?

Log in

No account? Create an account

Previous Entry | Next Entry

Beyond the stars

If something is from "beyond the stars", where is it really from?

Can it be from beyond a mere two stars? (Sometimes, both our sun and theirs would intervene, after all.) Does it have to be from beyond *all* stars? Which stars are "the" stars?

This query brought to you via an ad for a book set near Alpha Centauri.

Comments

( 12 comments — Leave a comment )
steepholm
Jan. 6th, 2011 12:26 pm (UTC)
I think the answer is dependent on context. It could work if it were part of a Peter-Pan style series of directions, perhaps. Thus, if I say the railway station is beyond the shops, I don't mean that it lies beyond all the shops in the world, but only the ones on the way to the railway station.

On the other hand, "east of the sun and west of the moon" makes no sense.
(Deleted comment)
owlfish
Jan. 6th, 2011 12:54 pm (UTC)
Which reminds me: where is deepest, darkest outer space?
theengineer
Jan. 6th, 2011 01:51 pm (UTC)
These days, probably in a galactic void (http://en.wikipedia.org/wiki/Void_%28astronomy%29).
daisho
Jan. 6th, 2011 06:21 pm (UTC)
That'd be my vote within the known universe, certainly.

On the original question, beyond the stars FWIW implies 'outside of the known universe' to me. Although what that makes Battle Beyond the Stars, the low-budget sci-fi version of the Magnificent Seven, I don't know. :)
autopope
Jan. 6th, 2011 01:38 pm (UTC)
a) Lovecraft's imagination.

b) The dark epoch between First Light (when the universe cooled enough for electrons to fall into stable orbitals around nuclei, resulting in a transition from plasma to hot gas and the release of the CMB) and the reionization (when enough Generation 1 stars had formed and lit up to re-ionize the interstellar gas). This epoch lasted several million years, and was as dark as any state the universe will be in until the epoch of star formation gutters and dies. And it's literally beyond the stars.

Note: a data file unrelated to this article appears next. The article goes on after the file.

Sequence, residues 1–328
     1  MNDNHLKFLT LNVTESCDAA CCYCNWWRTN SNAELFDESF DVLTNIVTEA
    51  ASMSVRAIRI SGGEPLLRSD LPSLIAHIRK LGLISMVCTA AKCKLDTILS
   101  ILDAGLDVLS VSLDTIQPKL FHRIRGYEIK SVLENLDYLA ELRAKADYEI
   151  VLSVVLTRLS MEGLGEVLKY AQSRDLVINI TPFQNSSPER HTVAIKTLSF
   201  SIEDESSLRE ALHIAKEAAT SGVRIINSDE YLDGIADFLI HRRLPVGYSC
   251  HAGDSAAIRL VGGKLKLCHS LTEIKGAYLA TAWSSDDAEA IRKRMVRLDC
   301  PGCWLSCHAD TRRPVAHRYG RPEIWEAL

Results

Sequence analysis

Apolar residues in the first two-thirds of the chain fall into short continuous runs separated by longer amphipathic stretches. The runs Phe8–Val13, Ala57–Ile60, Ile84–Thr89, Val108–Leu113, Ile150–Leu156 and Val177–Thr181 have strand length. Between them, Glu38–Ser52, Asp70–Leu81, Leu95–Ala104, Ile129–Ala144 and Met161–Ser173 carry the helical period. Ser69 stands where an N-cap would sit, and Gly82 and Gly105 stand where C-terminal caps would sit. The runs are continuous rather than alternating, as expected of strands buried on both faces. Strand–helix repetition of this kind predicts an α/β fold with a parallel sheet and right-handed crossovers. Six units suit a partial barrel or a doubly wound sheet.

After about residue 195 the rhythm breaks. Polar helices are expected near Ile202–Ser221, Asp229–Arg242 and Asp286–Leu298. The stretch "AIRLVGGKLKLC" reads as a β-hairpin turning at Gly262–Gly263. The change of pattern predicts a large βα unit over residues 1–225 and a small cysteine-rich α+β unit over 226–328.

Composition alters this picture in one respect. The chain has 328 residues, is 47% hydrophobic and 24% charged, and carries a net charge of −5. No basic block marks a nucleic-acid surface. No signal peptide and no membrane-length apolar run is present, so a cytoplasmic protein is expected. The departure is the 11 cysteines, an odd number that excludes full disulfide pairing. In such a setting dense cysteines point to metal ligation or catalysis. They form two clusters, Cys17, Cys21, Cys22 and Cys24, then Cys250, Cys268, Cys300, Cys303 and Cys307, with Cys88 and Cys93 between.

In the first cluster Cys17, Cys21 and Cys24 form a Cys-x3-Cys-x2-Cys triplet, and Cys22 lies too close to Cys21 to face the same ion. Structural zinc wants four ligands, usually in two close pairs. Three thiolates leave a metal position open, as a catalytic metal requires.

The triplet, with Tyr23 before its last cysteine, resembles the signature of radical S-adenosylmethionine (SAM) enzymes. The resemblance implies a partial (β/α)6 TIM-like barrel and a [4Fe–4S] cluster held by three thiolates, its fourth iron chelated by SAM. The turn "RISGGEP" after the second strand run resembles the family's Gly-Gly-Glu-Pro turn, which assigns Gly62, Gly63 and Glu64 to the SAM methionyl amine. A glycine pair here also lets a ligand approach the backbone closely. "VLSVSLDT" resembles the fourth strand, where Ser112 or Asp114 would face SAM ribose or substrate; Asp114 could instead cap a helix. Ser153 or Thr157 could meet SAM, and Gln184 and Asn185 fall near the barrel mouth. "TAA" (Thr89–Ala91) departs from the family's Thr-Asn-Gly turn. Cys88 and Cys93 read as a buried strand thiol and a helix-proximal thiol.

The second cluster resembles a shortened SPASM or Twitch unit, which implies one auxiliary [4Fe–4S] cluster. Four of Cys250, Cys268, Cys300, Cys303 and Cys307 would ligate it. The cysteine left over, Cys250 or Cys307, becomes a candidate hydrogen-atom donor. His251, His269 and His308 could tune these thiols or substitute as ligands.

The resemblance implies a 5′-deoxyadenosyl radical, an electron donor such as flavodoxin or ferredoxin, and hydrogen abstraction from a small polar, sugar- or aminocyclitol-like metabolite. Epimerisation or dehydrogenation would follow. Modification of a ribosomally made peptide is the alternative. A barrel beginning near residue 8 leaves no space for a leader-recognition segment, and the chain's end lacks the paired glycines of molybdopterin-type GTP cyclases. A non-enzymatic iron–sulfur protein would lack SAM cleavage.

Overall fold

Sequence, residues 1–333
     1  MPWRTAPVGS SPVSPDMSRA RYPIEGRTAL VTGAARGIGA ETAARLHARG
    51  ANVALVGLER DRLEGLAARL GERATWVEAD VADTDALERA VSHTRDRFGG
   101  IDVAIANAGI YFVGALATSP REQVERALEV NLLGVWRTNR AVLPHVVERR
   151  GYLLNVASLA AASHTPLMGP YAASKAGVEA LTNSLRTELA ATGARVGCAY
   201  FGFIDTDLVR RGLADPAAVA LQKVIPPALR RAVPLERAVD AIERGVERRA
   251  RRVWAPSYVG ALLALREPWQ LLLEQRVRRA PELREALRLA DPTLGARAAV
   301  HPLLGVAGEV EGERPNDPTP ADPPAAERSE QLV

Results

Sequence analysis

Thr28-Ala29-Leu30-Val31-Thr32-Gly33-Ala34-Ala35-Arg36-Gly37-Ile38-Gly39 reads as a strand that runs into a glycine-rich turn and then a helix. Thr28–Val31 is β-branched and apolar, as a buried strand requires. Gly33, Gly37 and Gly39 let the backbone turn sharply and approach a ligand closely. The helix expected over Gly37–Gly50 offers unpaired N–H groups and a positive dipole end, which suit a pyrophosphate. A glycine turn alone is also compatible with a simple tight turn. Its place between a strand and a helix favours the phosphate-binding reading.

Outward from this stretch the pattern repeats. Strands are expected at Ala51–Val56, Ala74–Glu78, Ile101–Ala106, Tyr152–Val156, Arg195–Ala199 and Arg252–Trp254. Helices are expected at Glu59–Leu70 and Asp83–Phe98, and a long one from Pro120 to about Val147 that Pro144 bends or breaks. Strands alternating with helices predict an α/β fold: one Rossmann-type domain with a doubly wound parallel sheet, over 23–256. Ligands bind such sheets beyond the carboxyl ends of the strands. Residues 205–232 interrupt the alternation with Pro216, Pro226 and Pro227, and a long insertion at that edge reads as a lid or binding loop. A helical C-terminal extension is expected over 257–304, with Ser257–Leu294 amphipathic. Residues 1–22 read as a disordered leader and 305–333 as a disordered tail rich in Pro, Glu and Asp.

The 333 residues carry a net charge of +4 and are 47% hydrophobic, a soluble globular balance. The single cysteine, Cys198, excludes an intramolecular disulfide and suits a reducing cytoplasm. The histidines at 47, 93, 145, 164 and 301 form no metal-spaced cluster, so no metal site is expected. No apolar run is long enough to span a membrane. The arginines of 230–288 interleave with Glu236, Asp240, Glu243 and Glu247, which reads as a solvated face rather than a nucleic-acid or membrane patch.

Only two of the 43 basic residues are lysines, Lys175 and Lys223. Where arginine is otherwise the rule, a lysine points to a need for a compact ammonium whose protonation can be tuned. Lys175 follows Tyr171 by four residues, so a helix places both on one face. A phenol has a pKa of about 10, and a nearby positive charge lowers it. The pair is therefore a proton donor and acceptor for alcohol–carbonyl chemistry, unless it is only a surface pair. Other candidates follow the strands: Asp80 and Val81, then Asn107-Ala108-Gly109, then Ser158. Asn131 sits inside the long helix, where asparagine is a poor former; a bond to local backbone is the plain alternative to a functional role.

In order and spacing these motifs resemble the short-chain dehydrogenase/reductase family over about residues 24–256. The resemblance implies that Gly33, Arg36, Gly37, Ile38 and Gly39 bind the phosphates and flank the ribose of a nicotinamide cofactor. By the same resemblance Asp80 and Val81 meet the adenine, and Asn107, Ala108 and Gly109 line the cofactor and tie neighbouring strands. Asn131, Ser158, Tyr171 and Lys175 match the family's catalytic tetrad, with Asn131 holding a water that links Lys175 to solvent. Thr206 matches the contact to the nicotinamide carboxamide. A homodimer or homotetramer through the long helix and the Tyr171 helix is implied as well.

retsuko
Jan. 6th, 2011 01:44 pm (UTC)
I hate this cliche almost as much as I hate the movie trailer phrase "beyond imagination".

Off topic: thank you for the lovely wedding announcement. My Mom saw it on my dining table and exclaimed over the beautiful typesetting job and your dress in the picture. :)
moon_custafer
Jan. 6th, 2011 03:46 pm (UTC)
I once read a short story in which a genie managed to cheat his captor out of one of her three wishes that way – she’d made the mistake of asking for “riches beyond imagination,” so he just shrugged and said “Nothing’s beyond imagination.”

It also seems like movie trailers that use the phrase are usually describing a fairly clichéd fantasy scenario, too (“oh look, another magical realm that looks like an idealized version of late-medieval Europe”) ; P
del_c
Jan. 6th, 2011 03:35 pm (UTC)
Joking aside, in the early twentieth century it was becoming clear that the night sky was not an infinite volume of stars, but a lens-shaped volume of finite extent with darkness beyond. But objects like the Andromeda Nebula had not yet been conclusively shown to be extraGalactic, or "galaxies" in their own right. There'd been some speculation that they were "island universes" like our own, but (I think) the more usual view was that they were nebulae inside our one and only Galaxy.

I think that's the mental model that "beyond the stars" originally described, that something might be lurking in the infinite cold further away than the furthest star there was.

It would have made less sense before that period, and now that we refer to our Galaxy as the "Milky Way galaxy" (which is a bit like "solar system of the Sun" for redundancy), and model the rest of the universe as uniformly filled with other collections of stars, it once again makes less sense. There was just that historical window when it sparked a sense of the scary limits of our knowledge, as we were learning that we knew so little.